Wednesday, June 23, 2021

From 0 to epic TPK in 1 hour, 15 minutes: now I call that a successful playtest!

Adventurer - do your shelves tremble at the weight of the Old School Essentials Basic Fantasy rules? Do you despair at the endless slog of combat in Into to the Odd? Do you wish your Scarlet Heroes characters could hit anything? Do you wish your WFRP 1e game involved meaningful consequences for character failure? Do you think BECMI is spelled GURPS? Then rejoice at my glad tidings!!!

Errmm...allow me to start over. So, I wrote a game last week. 

It's just a little thing, but it is playable, it is FAST, and it could be useful in certain situations. 

What's it like? 

It's a LOT like an even-more-streamlined Tunnels & Trolls, but with much, much less math and addition during play. At certain points, it's like, and is inspired by, PbtA systems like Dungeon World. And - if you hold your nose to the wind just right - you can catch a whiff of freeform/FKR gaming, depending on how you play it. 

I don't even have a working title (I kind of did, but my kids assured me it was super-lame). What I do have is a handful of design goals that seem to have worked out! 

I wanted to make something super fast and easy while retaining the importance and agency of individual characters and their choices/actions. I also wanted something that lets heroic characters mow through clouds of minions while still remaining vulnerable. Finally, I wanted a system that offers a convenient, dirt-simple structure but still offers plentiful room for freeform, creative problem-solving in the best OSR and 'fictional-positioning' styles. (To be honest, I also brainstormed a little abstract domain-management game that my kids and I have really been enjoying, and a super-light system like this could interface with that outer game shell really well, too). 

How fast is this new contraption? Today, I introduced my kids to the game and asked them to playtest it with me. In about an hour and fifteen minutes, I explained the rules, gave them 2 pre-gen characters each, and ran an adventure. The party entered one of Dyson's dungeon maps in search of an ancient relic.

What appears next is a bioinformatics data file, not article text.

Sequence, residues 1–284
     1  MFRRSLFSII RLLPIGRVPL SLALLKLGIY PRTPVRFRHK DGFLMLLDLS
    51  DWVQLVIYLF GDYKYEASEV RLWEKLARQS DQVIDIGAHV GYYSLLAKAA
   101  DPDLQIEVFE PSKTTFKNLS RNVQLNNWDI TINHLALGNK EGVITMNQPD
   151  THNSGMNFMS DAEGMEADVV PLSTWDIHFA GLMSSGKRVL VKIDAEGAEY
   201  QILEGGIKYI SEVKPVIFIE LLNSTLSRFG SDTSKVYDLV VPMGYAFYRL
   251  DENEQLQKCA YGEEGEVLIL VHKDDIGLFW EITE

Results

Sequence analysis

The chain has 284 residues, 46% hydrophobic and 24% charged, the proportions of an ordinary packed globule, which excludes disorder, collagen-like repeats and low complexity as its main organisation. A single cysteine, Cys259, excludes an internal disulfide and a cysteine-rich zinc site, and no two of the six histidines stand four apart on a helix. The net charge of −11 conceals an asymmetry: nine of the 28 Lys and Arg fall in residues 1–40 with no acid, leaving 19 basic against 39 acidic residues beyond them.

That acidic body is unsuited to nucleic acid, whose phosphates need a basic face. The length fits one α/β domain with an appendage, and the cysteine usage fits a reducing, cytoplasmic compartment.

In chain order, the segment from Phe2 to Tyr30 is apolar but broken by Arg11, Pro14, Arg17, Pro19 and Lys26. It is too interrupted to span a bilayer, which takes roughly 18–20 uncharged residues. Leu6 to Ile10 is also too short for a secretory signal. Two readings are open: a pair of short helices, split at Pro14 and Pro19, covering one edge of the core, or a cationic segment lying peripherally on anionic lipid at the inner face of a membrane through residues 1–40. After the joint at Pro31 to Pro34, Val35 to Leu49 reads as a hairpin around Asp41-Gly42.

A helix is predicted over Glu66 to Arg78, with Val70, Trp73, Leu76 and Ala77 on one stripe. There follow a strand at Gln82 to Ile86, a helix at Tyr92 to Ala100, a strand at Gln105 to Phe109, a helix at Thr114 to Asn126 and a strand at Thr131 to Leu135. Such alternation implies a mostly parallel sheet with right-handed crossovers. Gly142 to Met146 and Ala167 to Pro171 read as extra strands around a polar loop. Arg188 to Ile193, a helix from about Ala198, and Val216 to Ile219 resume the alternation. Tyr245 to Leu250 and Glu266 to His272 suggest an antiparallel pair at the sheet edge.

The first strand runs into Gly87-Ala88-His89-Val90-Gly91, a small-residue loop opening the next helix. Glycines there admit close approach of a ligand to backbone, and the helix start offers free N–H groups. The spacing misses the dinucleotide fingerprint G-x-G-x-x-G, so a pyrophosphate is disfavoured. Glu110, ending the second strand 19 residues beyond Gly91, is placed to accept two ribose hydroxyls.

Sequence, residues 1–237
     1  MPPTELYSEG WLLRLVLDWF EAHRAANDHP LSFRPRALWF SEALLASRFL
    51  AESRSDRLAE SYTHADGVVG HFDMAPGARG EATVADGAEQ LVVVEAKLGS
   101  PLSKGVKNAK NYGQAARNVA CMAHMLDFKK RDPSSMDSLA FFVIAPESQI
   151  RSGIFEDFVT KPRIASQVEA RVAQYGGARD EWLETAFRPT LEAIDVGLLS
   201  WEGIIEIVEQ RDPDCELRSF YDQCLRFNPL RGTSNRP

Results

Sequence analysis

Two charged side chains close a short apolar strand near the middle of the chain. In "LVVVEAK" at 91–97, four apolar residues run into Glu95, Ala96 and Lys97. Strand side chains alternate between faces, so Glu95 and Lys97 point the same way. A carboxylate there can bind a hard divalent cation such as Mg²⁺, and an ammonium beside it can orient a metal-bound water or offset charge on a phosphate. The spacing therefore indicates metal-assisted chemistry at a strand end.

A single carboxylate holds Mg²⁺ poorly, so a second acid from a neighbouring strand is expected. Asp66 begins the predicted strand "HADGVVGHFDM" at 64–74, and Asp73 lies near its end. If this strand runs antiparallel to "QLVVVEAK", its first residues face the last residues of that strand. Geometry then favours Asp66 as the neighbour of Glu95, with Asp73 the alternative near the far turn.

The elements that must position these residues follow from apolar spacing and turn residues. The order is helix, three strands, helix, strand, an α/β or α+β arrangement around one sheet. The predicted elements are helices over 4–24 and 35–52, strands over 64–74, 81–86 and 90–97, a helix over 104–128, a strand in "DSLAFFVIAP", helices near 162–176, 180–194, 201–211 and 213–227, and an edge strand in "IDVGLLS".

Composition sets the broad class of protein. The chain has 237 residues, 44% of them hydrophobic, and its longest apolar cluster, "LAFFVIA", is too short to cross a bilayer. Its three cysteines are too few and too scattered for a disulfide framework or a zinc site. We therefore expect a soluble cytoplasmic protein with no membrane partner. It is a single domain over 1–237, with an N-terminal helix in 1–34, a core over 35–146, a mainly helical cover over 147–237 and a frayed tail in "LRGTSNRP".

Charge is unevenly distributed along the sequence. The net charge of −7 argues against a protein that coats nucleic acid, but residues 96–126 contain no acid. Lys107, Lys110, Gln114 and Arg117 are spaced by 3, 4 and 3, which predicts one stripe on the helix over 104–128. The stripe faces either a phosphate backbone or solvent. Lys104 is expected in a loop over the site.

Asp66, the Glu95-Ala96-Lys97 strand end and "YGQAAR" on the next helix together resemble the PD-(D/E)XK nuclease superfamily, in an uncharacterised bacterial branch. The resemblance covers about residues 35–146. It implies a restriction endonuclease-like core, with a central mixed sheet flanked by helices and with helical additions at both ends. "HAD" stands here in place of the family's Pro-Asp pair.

The Scene of our (mis)Adventure
Cartography by Dyson Logos


They fought - and slaughtered - 7 trolls in the dungeon's outer rooms, incurring a few wounds on some PCs. Then they advanced across a boardwalk over an underground lake, where they were ambushed by two hideous 'watcher in the water'-type creatures that had been alerted by the heroic wizard's earlier energy expenditures (a failed magic roll with a consequence earlier in the game). Unfortunately, 3 of 4 PCs died in this fight, in spectacularly messy fashion, leaving a lone, wounded dwarven fighter - who pressed on anyway ... to confront a (literal) party of 20 goblins in the back of the cave-system (I explained that the goblins were eating the leftovers from the characters in my previous, ill-fated, solo playtest). 

The Dwarf killed all but 4 of the goblins, but in the end he lost two limbs and went down. TPK! 

4 mid-level characters vs. 7 trolls, 2 'watchers in the water' (each stronger than a troll), and 20 goblins, and the last surviving PC almost pulled it off. 

All that ... in just over an hour. Whew! 

I believe this little system could be a fine choice for playing a full party solo, or for running a game over play-by-post, with its own slower dynamics. It also (as we confirmed today) makes for a fun, short one-shot dungeon-stomping game (it may move too quickly to call a dungeon 'crawler'). 

If this sounds intriguing, I'd be happy to share more in future. 

6 comments:

  1. I'm definitely interested in seeing more, including a draft of the playtest rules you're currently using. Your intro really sold this as a project worth some attention. I think it really struck me though when you very casually mentioned four PCs killing SEVEN trolls like it was nothing.

    You're the only "OSR" person I know of who's also seriously interested in 4E D&D's playstyle and design, so seeing anything you do with those two is exciting.

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    1. Thanks! I've a new post up with a peek at those rules.

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  2. Replies
    1. That you, Norbert? :-) I've got a new blog post up with those fast-combat rules.

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  3. yes please, I'd like some more sir

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    1. Thank you, thank you, ask & ye shall receive - see my new blog post.

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